As someone who has worked off an iMac under office fluorescents for years now, I can assure you, glare isn't that big of a deal. And considering the ****** state of cheap office monitors, although matte, look awful and cause me eye strain looking at them for extended periods.
Exactly. Most of us connect to external monitors. Even when using my Lenovo.
 

aristobrat

macrumors G5
Oct 14, 2005
12,265
1,356
Fascinating that IBM would turn to Apple Macs at the corporate level.
If they're going to be getting in the enterprise Mac management arena, it's good to see they're eating what they're selling. :)

Surely, for business monitors, many workers need non-reflective, anti-glare, matte screens. Working people are looking at the screens virtually all day. Eyestrain is a terrible price to pay for having an attractive work of artistic, Jon Ive creation. People just need to get their work done, and many people suffer from eye strain from glossy screens. When is Apple going to stop this madness of only insisting on producing glossy screens?

Please don't tell me that the current iMac screens are less reflective. When I go to an Apple showroom, and I can see the mirror reflection of what's behind me, seen clearly in the mirror reflection on the iMac screen, I do not want that reflection in a computer I use for work.
We've only got ~50 Macs where I work, but the number of complaints from those folks about glare and eye strain = 0. And trust me when I say they're not a group of folks that keep complaints to themselves.
 

Zirel

Suspended
Jul 24, 2015
2,196
3,008
Surely, for business monitors, many workers need non-reflective, anti-glare, matte screens. Working people are looking at the screens virtually all day. Eyestrain is a terrible price to pay for having an attractive work of artistic, Jon Ive creation. People just need to get their work done, and many people suffer from eye strain from glossy screens. When is Apple going to stop this madness of only insisting on producing glossy screens?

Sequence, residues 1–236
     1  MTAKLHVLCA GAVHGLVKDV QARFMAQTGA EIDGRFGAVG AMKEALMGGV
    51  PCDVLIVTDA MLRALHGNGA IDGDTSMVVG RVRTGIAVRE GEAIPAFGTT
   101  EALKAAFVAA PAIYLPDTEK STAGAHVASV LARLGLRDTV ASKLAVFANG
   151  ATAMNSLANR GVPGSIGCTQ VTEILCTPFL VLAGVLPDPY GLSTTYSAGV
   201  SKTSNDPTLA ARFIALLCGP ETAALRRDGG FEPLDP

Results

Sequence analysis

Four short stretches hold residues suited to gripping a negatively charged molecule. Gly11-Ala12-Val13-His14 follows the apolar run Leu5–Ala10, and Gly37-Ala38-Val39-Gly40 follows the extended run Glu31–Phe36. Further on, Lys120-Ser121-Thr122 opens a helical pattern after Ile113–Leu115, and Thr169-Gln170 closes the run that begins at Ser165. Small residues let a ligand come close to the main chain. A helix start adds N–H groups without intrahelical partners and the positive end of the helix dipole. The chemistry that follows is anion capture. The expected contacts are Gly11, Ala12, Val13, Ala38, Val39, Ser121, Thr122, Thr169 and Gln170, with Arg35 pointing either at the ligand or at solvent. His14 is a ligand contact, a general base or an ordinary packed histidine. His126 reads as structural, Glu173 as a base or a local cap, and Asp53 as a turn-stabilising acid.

Please don't tell me that the current iMac screens are less reflective. When I go to an Apple showroom, and I can see the mirror reflection of what's behind me, seen clearly in the mirror reflection on the iMac screen, I do not want that reflection in a computer I use for work.
Here comes the guy who thinks Apple is as incompetent as those PC brands...

Showrooms have much excess of light coming from all directions, much unlike the typical office.

Once you use a GLASS monitor, you won't want to go back to those crappy "mate" screens that are nothing more than a cheap plastic put over another piece of regular plastic.
 

2457282

Suspended
Dec 6, 2012
3,327
3,014
Very exciting news especially the part of being able to support personal computers in the workplace. I have been saying that we need to extend BYOD to the laptop and this is certainly a big step in that direction.
 

MacLawyer

macrumors demi-god
Aug 1, 2009
479
1,120
U.S.A.